THE BLOG
11/26/2012 10:24 am ET Updated Jan 26, 2013

Trouble on the Horizon

Just a few weeks after Hurricane Sandy and the Nor'easter devastated New York, a new storm is on the horizon. But this one is entirely avoidable.

Republicans in Washington seem determined to fight Governor Cuomo's plea for the Federal government to step up and help New York rebuild. GOP congress members are citing the looming "fiscal cliff" in Washington and saying they just might not be able to find the money to help New York rebuild its infrastructure.

At the same time, they're trying to protect the Bush tax cuts for the wealthiest Americans. How can our Republican representatives like Mike Grimm and Peter King let these tax cuts go through while there is so much rebuilding to do?

Repairing New York and getting people back into homes with power, heat and hot water is a definitely at the forefront of all of our minds. But we cannot allow other vital services like Medicare and Medicaid, unemployment benefits and education be cut, simply because some of the politicians who were elected to represent us want to make things easier for the wealthiest Americans.

Now, as the city gets repaired, a new problem is showing up -- people who are newly unemployed because of the storm. To me it seems pretty simple: we need to connect New York's unemployed residents with the work that needs doing.

Let's face it: we cannot count on the one percent to create good jobs for our unemployed. We need to work together as a city to find ways rebuild our neighborhoods and communities. The key to this idea, however, is ensuring that we have the resources in place to support this effort.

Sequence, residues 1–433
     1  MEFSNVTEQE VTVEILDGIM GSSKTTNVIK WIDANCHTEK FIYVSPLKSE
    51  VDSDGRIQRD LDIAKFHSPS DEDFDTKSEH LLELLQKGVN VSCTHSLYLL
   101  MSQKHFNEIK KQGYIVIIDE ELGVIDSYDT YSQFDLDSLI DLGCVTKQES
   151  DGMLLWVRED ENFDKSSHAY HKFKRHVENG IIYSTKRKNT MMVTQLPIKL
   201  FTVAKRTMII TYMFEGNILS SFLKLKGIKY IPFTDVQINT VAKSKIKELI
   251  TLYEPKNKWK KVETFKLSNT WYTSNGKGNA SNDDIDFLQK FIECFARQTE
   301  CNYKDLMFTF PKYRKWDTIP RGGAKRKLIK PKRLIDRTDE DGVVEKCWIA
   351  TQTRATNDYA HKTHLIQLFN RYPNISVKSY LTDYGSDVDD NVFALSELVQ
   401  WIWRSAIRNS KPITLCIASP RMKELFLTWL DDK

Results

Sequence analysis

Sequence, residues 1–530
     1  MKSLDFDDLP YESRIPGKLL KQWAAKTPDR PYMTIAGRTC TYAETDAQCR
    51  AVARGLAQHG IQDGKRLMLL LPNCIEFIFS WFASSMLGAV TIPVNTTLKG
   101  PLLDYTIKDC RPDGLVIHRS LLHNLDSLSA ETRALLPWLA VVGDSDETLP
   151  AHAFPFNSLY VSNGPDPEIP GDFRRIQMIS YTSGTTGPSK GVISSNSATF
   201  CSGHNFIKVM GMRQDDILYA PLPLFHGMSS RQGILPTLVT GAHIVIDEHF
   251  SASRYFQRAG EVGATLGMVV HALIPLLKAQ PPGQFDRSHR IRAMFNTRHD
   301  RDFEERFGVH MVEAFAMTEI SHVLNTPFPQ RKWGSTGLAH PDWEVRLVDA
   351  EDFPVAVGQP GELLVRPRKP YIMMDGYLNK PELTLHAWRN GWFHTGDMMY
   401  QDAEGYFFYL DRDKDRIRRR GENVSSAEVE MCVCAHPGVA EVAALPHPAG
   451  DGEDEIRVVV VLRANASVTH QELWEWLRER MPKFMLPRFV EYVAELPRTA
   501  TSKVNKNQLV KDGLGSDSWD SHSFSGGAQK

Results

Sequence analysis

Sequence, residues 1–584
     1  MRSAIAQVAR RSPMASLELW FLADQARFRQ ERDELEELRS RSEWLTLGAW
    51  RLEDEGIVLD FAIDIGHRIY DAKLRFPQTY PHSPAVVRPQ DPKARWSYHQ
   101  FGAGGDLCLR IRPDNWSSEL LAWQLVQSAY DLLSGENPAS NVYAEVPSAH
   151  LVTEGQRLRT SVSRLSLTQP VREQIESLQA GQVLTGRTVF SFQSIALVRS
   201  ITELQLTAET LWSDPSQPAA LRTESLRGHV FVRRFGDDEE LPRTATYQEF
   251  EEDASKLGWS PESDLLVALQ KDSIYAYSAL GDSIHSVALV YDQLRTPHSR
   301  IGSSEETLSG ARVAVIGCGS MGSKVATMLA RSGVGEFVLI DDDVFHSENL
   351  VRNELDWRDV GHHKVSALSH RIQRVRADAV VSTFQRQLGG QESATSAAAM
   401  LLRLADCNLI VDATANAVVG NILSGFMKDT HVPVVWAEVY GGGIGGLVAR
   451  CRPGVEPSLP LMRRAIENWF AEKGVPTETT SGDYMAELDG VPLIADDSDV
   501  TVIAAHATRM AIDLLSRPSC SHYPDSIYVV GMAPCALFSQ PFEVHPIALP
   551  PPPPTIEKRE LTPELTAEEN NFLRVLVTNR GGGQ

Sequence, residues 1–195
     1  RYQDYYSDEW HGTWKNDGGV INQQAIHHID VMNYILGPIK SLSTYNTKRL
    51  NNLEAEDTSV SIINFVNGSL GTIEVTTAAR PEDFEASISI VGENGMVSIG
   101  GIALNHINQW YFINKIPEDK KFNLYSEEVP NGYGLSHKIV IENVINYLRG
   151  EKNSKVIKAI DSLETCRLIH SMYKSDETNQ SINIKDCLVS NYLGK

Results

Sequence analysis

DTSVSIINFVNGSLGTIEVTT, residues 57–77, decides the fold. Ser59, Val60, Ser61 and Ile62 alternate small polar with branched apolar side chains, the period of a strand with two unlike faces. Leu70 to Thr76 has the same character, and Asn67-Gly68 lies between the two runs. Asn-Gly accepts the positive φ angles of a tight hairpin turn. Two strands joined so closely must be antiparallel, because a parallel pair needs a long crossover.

Let's be honest, we did not expect Hurricane Sandy to cause the damage and devastation that occurred. My family and I did our grocery shopping and made sure we had enough batteries and candles to make sure we could function if we lost power. Just as we prepared, families around the city took the same kind of precautions.

While the Bronx was mostly spared (thankfully and unusually), much of the city wasn't so lucky. Friends and family died, power was out in some places for weeks and many New Yorkers still lack necessities. Sandy was our Hurricane Katrina. Though her destruction and devastation ignored class and economic standing, taking down whatever was in her path, traditionally it has been communities of color that have had the hardest time rebuilding. While for the most part power has been restored, areas in the Rockaways, Coney Island and Red Hook are still disaster zones. Now it is up to our government and our elected officials to take a stand for rebuilding our city.

Understanding that significant tax funding is necessary to help rebuild the hardest hit areas in our region, the idea that our Representatives in Congress would decide to extend a tax break for the wealthiest two percent of the country is shameful.

Our elected officials must make it their top priority to get New York and its residents back on track. That's why they were elected, and they need to get this done if they expect to remain in office.